FAQ – Savings and investment – RRSPs

RRSP allows you to put aside money tax-free to save for retirement, while also reducing your taxable income. You can use it, for example, to save for retirement, pay for your education or buy your first home.

TFSA allows you to put aside money tax-free to save up for anything you want. Renovate your home, start a business, or travel, the possibilities are endless!

Compare them to see the benefits of each product and find out which one’s right for you.

Check out the 9 most common myths about RRSPs and TFSAs.

To open an RRSP, you can:

Your decision will depend on factors such as your age, family situation, income and future plans.

A TFSA may be the best option if you're looking to save money but keep it accessible in case you need it. You can then transfer your savings to an RRSP to save on taxes.

Contact us to find the right savings strategy for you.

Yes, AccèsD makes it easy to contribute to your RRSP. Log in.

Yes. The year you turn 71 is the last year you can contribute to your RRSP. During the year, you will need to withdraw the funds from your RRSP, transfer them to a registered retirement income fund (RRIF) or use them to purchase an annuity.

Your deduction limit is displayed in the “RRSP deduction limit statement” section of the Notice of Assessment sent to you by the Canada Revenue Agency (CRA). If you can’t find your notice, contact a CRA tax office or visit the CRA’s My Account External link. Opens in a new window. portal.

No, because the most important part of compound interest is time.

Starting to invest when you’re young is definitely the way to go, even if you start small. Automatic transfers are a great way to get a head start.

Saving regularly in small amounts is easier on your budget. The great thing about automatic transfers is that you choose how much and how often you want to contribute, whatever works best for you. Your contributions are automatically deducted from your account and invested in your RRSP.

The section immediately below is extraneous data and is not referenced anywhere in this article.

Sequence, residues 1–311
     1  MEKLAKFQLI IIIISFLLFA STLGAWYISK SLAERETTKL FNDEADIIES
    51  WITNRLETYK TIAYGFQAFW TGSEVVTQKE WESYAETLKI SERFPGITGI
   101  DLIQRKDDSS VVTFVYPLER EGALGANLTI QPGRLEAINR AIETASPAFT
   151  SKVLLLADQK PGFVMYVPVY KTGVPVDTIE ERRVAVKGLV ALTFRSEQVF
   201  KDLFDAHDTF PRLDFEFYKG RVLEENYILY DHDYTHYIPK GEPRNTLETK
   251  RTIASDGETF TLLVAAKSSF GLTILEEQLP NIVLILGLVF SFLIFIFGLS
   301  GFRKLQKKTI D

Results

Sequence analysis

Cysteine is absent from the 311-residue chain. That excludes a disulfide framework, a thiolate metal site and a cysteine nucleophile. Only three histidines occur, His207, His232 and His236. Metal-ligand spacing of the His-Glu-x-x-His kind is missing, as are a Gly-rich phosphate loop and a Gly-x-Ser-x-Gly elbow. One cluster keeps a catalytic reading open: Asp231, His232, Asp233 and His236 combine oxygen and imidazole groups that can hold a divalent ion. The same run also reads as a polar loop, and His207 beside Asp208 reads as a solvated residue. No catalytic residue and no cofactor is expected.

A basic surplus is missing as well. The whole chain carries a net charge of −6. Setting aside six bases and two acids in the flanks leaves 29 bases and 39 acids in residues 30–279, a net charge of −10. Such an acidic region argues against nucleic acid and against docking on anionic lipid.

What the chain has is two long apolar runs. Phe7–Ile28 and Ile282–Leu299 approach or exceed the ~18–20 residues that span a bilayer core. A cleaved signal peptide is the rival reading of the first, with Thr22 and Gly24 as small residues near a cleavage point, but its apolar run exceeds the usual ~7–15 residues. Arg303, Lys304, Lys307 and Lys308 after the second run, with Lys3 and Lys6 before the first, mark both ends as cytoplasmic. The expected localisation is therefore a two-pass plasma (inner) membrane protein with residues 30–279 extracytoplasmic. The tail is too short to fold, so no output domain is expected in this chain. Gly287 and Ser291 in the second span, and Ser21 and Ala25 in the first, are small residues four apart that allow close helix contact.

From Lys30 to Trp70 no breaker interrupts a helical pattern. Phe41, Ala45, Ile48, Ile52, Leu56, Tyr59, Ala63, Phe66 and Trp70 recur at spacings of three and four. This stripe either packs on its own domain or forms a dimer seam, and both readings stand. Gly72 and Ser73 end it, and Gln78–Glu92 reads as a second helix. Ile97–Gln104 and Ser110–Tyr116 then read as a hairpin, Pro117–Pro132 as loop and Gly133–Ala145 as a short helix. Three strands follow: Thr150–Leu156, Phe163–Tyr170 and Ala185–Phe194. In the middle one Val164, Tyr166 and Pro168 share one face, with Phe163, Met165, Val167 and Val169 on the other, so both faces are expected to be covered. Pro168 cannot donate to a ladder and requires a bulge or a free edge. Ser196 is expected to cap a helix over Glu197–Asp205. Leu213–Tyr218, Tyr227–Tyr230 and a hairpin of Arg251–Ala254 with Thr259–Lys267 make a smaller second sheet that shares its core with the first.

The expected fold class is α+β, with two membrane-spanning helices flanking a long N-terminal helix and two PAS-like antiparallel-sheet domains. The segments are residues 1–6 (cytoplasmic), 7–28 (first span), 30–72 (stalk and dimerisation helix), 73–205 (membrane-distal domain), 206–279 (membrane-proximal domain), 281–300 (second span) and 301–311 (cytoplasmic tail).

The sooner the better. You can start contributing to an RRSP the year you start earning contribution room (i.e., the year after you start earning an income). And after you turn 19, you get $2,000 of wiggle room for overcontributions. Time is money: the earlier you start contributing, the bigger your RRSP will be.

It all depends on your retirement plans. To maintain your lifestyle in retirement, the general rule of thumb is that you’ll need about 70% of the income you earn in the years leading up to your retirement. Most people become eligible for retirement income from CPP/QPP or a private pension plan around age 60, but it’s usually not enough. You’ll still need savings (ideally in an RRSP) to maintain your lifestyle.

The compounding effect on your interest means the more you save, the more you earn. Each dollar you’re able to contribute to your RRSP increases the capital on which the interest is calculated. So if you have extra money or if you’re in a better financial position, it’s a good idea to increase your RRSP contributions. Even putting an extra $5 a week into your RRSP will ultimately make a difference.

If you don’t have enough cash on hand to make an RRSP contribution, you might want to consider taking out a short-term loan. It’s one way to increase your RRSP contribution and get a tax break.

You can use those tax savings to pay down the loan, reducing your interest charges and the number of payments you’ll have to make.